A great example of this maximalism is in the common Indigenous teaching to “be a good ancestor,” which even in my limited reading I found expressed in writings from several different geographic-cultural regions and language families. Nuxalk Chief Qwatsinas (Edward Moody) expressed the idea of being a good ancestor well in remarks made before the Supreme Court of British Columbia in 1999: “We must protect the forests for our children, grandchildren and children yet to be born. We must protect the forests for those who can’t speak for themselves such as the birds, animals, fish, and trees” (quoted in Kelly-Gangi). Being a good ancestor is also famously embodied in the Anishinaabe and Iroquois principle of “Seven Generations.” As Ojibwe knowledge-keeper Anton Treuer describes this belief:

Everything we do crosses seven generations in a line. If there is trauma, it carries forward seven generations. If there is resilience, it carries forward seven generations. We are therefore the product of traumas and resilience seven generations back. What scientists call epigenetics, we call blood memory. In the modern world, people are encouraged to think of immediate gains—often short-term economic benefits trump long-term environmental and health consequences. But in the Ojibwe cosmos, we are to think of the impact that our actions today will have seven generations in the future.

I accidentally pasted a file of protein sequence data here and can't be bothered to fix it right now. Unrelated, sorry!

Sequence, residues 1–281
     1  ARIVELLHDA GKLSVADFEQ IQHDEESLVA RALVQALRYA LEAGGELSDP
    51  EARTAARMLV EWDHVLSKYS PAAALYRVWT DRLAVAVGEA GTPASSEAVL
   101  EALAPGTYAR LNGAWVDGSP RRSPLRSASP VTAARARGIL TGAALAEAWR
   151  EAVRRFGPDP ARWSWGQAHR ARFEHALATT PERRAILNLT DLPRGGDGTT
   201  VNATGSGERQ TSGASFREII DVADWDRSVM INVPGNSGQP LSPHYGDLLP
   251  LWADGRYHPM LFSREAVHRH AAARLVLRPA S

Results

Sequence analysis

This idea has obvious consequences for decision-making, particularly around land-use and ecology. As John Borrows notes: “Seventh-generation laws limit land uses that would deny a healthy environment to our great, great, great, great great, great, great grandchildren.” It’s a teaching that might cause a community to forego larger crop yields or profits now if it means depleting the land’s vitality and gifts, because the life and experience of one’s descendants is understood to be part of one’s own sphere of responsibility.

So then, responsibility in these Indigenous perspectives is both inherent to being alive and maximalist in its scope, extending to the whole created order and into the distant future.

What, then, might our own Christian traditions have to say about this?

Responsibility in the Bible

The vision of Christianity that I’ve been promoting in this series is aligned with much of this: If we understand faith to be living up to our commitments in our relationships so as to create an environment of genuine peace, then responsibility is at the core of things. If we look just at care for the poor, for example, Randy Woodley (2012) correctly notes that:

God commands that every society have a safety net for those who ‘fall through the cracks.’ Individual care and generosity do not always take care of the poor and needy, so there must be a place for the needy built into the system that does care for them. God provides for the needy in laws concerning agricultural work, through the Sabbath and Jubilee system, and through festivals and celebrations.